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Florida Implements Default Transaction Brokerage Statute

Written by on Wednesday, 02 July 2003 7:00 pm
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Florida real estate statutes have radically changed. Realtors no longer have to present a menu of agency options to consumers, as agency has defaulted to transactional brokerage in the state, but they do have to disclose their transactional brokerage status to consumers for the next five years.

In an open letter to consumers and real estate professionals, Secretary of the Department of Business and Professional Regulation Diane Carr writes that Governor Jeb Bush has "signed into law Senate Bill 2238, chapter 475, Florida Statutes, which was enacted by the 2003 Legislature. The chapter sets forth the law that governs the conduct of real estate licensees and appraisers in Florida."

Carr continues, "In enacting the law, the Legislature and the Governor have put in motion a mandate that is well tailored to protecting real estate rights in Florida. The new law represents the combined efforts of professionals in the real estate and appraisal industries and the Department of Business and Professional Regulation, who combined their expertise to facilitate an in-depth evaluation of the needs of Florida’s consumers and licensees."

The changes which affect real estate licensees number as many as 24, but the statute that is making the most news among Realtors across the nation is 475.278 (1)(b) which presumes that "all licensees are operating as transaction brokers unless a single agent or no brokerage relationship is established, in writing, with the customer." In paragraph 475.278(2)(b), the statute continues written disclosure of the transaction brokerage relationship to the customer through July 1, 2008.

To view the changes to the statutes, click here .

"I served on the workgroup that did the study and changes to Chapter 475 to modernize it," says Tom Scaglione , a Realtor who practices single agency. "We read it line by line and made changes as we saw fit to bring the law into the 21st Century. Most of the work my workgroup did was to the actual licensing for a real estate professional. There was a second workgroup that handled the Appraisal section of 475."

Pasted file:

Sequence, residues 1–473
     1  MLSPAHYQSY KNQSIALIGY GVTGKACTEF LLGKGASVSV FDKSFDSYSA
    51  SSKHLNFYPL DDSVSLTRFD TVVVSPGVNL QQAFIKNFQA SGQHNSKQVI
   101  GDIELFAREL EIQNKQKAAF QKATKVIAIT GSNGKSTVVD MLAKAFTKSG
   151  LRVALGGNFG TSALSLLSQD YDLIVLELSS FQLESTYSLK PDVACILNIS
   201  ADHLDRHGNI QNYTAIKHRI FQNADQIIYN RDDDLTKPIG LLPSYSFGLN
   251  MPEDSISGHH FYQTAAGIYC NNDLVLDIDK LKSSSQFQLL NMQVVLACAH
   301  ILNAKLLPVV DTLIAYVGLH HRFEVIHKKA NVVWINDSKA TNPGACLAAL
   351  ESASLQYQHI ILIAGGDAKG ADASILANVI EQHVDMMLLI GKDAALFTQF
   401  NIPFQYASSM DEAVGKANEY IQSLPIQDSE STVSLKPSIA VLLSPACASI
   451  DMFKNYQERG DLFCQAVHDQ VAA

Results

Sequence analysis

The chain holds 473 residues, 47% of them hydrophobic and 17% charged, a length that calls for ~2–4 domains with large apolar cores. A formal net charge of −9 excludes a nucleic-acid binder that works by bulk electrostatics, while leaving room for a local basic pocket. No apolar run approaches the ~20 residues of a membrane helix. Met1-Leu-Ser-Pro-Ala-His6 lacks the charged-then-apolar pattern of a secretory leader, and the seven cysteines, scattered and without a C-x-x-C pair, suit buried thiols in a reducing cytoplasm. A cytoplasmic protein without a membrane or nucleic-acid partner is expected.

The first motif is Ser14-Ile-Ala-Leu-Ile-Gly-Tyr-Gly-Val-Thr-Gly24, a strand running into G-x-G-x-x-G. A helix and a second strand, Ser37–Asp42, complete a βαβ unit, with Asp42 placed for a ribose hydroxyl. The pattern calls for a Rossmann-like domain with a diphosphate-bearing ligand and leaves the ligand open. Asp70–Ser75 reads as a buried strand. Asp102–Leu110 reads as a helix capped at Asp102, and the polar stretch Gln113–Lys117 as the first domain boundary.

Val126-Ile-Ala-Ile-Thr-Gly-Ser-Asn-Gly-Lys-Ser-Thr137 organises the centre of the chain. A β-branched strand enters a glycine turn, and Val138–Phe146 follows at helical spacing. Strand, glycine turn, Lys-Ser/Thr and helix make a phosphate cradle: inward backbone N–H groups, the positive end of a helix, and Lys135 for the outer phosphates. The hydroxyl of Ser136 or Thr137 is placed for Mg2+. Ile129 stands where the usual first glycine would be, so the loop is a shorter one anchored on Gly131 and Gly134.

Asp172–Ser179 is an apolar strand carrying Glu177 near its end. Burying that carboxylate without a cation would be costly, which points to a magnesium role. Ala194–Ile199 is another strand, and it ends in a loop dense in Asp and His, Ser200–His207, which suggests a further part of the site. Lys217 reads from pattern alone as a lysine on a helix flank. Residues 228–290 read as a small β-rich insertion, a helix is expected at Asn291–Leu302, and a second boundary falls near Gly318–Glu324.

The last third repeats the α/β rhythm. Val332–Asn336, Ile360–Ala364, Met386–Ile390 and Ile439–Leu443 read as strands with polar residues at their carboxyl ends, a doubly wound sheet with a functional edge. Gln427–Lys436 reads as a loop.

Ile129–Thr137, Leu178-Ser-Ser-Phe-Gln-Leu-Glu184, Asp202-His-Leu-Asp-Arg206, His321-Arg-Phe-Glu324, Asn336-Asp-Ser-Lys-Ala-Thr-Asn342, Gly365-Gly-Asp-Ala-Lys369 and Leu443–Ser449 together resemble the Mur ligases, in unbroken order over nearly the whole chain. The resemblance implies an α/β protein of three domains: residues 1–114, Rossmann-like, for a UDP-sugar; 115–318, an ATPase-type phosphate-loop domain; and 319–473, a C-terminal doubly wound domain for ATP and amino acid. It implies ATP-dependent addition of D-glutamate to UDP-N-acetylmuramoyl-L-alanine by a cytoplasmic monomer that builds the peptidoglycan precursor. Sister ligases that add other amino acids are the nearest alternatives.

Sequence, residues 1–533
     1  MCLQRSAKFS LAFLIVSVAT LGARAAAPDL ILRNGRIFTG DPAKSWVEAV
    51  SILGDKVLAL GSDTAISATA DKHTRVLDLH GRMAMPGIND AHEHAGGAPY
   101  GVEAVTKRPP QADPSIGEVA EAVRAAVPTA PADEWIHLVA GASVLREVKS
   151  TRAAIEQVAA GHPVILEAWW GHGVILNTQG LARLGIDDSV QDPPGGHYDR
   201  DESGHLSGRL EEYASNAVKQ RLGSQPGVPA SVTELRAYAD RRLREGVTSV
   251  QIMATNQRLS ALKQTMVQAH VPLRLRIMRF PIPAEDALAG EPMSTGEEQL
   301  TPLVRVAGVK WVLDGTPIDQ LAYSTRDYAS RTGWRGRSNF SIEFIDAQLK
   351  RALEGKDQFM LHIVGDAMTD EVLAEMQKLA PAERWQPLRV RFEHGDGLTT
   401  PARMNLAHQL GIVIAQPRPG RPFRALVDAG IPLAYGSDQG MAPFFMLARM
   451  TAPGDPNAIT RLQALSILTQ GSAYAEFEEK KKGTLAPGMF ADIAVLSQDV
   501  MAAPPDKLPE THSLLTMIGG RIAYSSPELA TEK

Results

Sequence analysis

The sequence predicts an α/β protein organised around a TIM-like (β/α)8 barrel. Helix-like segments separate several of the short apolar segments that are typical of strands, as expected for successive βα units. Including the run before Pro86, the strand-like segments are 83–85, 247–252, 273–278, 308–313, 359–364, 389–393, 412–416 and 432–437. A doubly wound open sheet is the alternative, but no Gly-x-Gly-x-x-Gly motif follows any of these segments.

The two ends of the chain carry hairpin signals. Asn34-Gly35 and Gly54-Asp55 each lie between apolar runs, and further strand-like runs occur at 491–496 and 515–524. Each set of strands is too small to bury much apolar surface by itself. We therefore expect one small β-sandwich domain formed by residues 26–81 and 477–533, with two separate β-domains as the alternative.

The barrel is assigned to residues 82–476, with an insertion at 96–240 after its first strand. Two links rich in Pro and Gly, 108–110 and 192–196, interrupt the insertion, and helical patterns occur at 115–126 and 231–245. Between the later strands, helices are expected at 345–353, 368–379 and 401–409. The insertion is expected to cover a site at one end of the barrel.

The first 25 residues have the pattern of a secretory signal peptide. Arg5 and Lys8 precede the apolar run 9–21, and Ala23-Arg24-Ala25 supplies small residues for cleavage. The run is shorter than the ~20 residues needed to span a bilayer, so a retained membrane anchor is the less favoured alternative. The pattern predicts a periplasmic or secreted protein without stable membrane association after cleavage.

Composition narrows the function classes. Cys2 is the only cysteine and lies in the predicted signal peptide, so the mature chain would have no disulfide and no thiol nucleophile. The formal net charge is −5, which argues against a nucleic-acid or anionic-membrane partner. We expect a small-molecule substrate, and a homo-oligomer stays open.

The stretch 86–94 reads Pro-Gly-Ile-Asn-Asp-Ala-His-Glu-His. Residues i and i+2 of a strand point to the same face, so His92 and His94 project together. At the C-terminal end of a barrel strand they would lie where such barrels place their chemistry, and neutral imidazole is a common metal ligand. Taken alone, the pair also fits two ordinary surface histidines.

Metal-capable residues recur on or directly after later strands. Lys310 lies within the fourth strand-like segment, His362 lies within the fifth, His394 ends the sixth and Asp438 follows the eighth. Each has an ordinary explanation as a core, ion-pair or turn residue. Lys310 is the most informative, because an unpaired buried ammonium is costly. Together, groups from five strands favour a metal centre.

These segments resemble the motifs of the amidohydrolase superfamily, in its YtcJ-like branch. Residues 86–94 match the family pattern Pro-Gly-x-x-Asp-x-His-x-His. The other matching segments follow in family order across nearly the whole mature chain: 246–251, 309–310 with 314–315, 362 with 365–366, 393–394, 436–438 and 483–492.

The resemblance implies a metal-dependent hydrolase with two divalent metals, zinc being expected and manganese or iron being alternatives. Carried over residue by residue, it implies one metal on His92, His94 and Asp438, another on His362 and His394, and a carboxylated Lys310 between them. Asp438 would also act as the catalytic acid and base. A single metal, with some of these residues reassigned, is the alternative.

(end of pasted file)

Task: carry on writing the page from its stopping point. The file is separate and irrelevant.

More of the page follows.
Explains Scaglione, "The work we did was almost totally accepted by the Division of Business and Professional Regulation, DBPR, with only a few changes. My personal feeling about the changes is that it will help to better clarify the profession. We have changed to a presumption of Transaction Brokerage with the opportunity to enter into a Single Agency Relationship with a Seller or a Buyer. We further removed some the penalties from the licensing law and let other administrative law cover fines and punishment. We felt that this was not a part of licensing but a part of Administrative Law.

"We are required for the next five years to give to the consumer a new disclosure which I have attached ," says Scaglione. "This just came out today. Looks like you can enter into a Single Relationship on page one or a Transaction Broker relationship on page three. Page two would only be used if you had entered into a Single relationship and had to transition to a Transaction Broker relationship if showing a company listing to a prospective Buyer. Of course with the permission of the Seller."

Scaglione admits that the changes will be "confusing to the average real estate professional."

"The good thing is that after five years, this notice goes away," he says.

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  About the author, Blanche Evans

Individual news stories are based upon the opinions of the writer and does not reflect the opinion of Realty Times.
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